Pleurisy & Other Disorders Of the Pleura

What Is Pleurisy?

Pleurisy is a condition which occurs when the pleura becomes inflamed. The pleura is the double-layer membrane that covers the lungs, of which one membrane is attached to the ribcage and the other to the lung. Usually, the membranes glide over each other when you take a breath, however, if the pleura become inflamed the movement is no longer smooth and the membranes grind against each other.

It is estimated that around 2,000 people are admitted to hospital due to pleurisy each year in England and Wales. However, the number of people with pleurisy is likely to be significantly higher, as many people do not seek treatment for their symptoms. Pleurisy can affect people of all ages but it is most common among those over the age of 65.

What causes pleurisy?

There are various possible causes of pleurisy, of which the most common include:

  • Viral infection: this is the most common cause of pleurisy. It does not usually make you feel very ill but the chest pain can be quite severe. Examples of viral infections known to cause pleurisy include influenza (flu), Epstein-Barr virus, Parainfluenza (this causes croup in children) and CMV (cytomegalovirus).
  • Bacterial infection: infections caused by streptococcal and staphylococcal strains of bacteria are known to cause pleurisy. MRSA is one of the most common bacteria causes of pleurisy.

Less common causes include:

  • Pulmonary embolism (a blood clot that blocks the supply of blood to the lungs).
  • Lung cancer.
  • Pneumonia.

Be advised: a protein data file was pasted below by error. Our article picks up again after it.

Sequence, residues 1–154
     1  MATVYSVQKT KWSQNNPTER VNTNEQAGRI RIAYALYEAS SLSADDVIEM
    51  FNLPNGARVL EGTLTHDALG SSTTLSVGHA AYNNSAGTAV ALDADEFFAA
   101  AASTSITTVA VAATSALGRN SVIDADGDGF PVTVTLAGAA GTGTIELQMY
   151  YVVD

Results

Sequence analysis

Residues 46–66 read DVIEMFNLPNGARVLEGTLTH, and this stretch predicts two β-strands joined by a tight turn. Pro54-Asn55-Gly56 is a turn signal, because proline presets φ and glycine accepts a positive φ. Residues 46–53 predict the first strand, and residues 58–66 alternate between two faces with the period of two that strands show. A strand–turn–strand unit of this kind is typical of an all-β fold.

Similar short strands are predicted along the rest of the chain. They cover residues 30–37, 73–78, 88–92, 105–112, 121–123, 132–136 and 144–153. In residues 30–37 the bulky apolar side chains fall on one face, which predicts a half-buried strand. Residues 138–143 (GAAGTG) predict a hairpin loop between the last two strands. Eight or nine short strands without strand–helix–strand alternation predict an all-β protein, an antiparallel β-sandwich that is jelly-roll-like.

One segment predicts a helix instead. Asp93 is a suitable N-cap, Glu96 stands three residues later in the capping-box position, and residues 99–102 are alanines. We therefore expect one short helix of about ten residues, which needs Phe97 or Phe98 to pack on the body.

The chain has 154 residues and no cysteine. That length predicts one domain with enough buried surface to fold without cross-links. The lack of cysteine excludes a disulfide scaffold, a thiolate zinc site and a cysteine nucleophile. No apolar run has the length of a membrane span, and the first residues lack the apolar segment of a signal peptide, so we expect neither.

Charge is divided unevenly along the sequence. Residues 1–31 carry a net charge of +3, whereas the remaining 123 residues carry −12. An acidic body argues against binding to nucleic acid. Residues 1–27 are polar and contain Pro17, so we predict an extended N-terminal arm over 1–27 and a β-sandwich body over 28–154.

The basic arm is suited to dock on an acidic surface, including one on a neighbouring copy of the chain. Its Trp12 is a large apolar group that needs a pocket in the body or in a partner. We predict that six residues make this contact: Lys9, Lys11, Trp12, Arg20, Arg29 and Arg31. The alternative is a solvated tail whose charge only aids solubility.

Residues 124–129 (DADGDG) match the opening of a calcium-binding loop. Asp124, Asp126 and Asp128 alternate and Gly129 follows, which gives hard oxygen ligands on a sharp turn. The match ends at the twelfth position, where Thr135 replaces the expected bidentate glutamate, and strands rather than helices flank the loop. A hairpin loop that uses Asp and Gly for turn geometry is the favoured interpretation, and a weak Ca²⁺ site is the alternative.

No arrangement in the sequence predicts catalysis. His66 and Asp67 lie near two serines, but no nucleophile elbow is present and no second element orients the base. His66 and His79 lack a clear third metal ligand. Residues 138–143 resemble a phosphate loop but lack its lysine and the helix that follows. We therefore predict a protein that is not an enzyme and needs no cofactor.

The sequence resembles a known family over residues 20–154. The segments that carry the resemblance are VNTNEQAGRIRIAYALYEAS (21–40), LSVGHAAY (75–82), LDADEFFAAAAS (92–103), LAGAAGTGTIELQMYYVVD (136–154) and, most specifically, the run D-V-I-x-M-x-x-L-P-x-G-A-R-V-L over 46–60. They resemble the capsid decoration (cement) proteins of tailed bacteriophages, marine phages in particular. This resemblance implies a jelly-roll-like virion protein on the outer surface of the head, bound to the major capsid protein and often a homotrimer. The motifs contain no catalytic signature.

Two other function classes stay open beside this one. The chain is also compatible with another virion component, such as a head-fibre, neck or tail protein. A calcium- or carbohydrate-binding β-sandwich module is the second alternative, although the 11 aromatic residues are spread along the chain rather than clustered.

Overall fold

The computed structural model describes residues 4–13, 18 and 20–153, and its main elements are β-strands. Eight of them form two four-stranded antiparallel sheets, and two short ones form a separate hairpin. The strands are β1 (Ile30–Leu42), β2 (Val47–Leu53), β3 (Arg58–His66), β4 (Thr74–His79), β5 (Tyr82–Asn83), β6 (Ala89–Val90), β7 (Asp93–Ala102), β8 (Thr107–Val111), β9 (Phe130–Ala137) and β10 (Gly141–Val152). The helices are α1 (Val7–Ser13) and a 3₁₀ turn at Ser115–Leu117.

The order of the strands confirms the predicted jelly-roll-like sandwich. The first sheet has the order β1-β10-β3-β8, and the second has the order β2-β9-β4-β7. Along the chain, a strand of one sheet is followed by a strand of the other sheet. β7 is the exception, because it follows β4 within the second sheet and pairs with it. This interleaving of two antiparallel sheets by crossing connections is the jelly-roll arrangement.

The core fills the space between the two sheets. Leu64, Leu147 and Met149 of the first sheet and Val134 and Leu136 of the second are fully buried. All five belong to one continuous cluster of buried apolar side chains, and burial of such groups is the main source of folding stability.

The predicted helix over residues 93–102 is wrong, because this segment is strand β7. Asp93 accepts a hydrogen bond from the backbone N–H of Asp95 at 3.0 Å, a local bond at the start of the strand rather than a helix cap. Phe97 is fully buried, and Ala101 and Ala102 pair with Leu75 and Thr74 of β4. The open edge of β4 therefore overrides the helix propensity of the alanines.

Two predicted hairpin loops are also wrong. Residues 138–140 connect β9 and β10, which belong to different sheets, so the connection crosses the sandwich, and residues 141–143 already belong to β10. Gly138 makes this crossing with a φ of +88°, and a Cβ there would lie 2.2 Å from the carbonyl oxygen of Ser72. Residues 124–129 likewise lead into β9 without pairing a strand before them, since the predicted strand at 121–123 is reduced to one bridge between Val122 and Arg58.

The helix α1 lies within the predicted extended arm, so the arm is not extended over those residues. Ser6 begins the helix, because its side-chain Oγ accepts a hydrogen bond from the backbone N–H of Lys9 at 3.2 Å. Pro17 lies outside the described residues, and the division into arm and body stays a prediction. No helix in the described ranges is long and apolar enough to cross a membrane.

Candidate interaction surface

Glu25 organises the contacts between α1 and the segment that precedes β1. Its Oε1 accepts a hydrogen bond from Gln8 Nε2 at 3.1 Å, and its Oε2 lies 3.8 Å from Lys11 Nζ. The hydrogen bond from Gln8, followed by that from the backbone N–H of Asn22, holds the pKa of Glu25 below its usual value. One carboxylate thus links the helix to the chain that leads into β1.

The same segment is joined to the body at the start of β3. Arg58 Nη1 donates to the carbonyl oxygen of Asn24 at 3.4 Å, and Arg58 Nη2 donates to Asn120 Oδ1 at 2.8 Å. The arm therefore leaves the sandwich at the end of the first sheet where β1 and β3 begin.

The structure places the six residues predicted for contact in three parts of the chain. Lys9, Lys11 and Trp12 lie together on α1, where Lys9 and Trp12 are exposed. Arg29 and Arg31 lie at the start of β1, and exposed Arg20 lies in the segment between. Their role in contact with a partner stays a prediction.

• Chest injuries.
  • Collapsed lung (pneumothorax).
  • Some forms of arthritis.
  • HIV and AIDS.
  • Cancer treatment: chemotherapy and radiotherapy can increase the risk of pleurisy.
  • Sickle cell anaemia.

Symptoms of pleurisy

The most common symptom of pleurisy is chest pain, which is known as pleuritic pain and the pain occurs when you breathe in and out. Many people describe the pain as a sharp, stabling pain, which gets worse when you breathe deeply, move around or cough or sneeze. Other symptoms of pleurisy include:

  • Dry cough.
  • Difficulties with breathing.

When should I see my GP?

You should see your GP if you experience chest pain and it does not improve or the pain gets worse. If you have any of the following symptoms you should seek immediate medical help, as they are often indicative of an underlying health condition:

  • High temperature of 40 degrees or higher.
  • Coughing up phlegm.
  • Severe chest pain that develops very quickly.
  • Unexplained weight loss.
  • Coughing up blood.
  • Inflammation in the arms or legs (this suggests a blood clot).

How is pleurisy diagnosed?

When you go and see your GP they will ask you about your symptoms and ask questions about your medical history. They will also listen to your chest using a stethoscope. This is because pleurisy causes the lungs to make a crunching sound, which doctors are usually able to hear. Further tests will often be carried out to identify the underlying cause of pleurisy, including:

  • CT scan.
  • Chest X-ray.
  • Blood tests.
  • Ultrasound scan.

If a doctor suspects a patient may have lung cancer or tuberculosis they will order a biopsy test, which involves removing a small sample of tissue to be analysed. The biopsy can be removed using a very fine needle or a bronchoscope, which is a fine tube that is passed down through the throat.

Treatment for pleurisy

Treatment for pleurisy depends on the cause of the condition. If pleurisy is caused by an underlying condition, this will be treated as a priority and symptoms of pleurisy usually improve as a result. Chest pain caused by pleurisy can usually be treated very effectively with non-steroidal anti-inflammatory drugs, such as over-the-counter ibuprofen. If these drugs do not work or you cannot take them due to a health condition (such as liver disease), your doctor may prescribe a course of steroids to reduce inflammation and ease chest pain. Some people also find that lying on their side helps to reduce pain.

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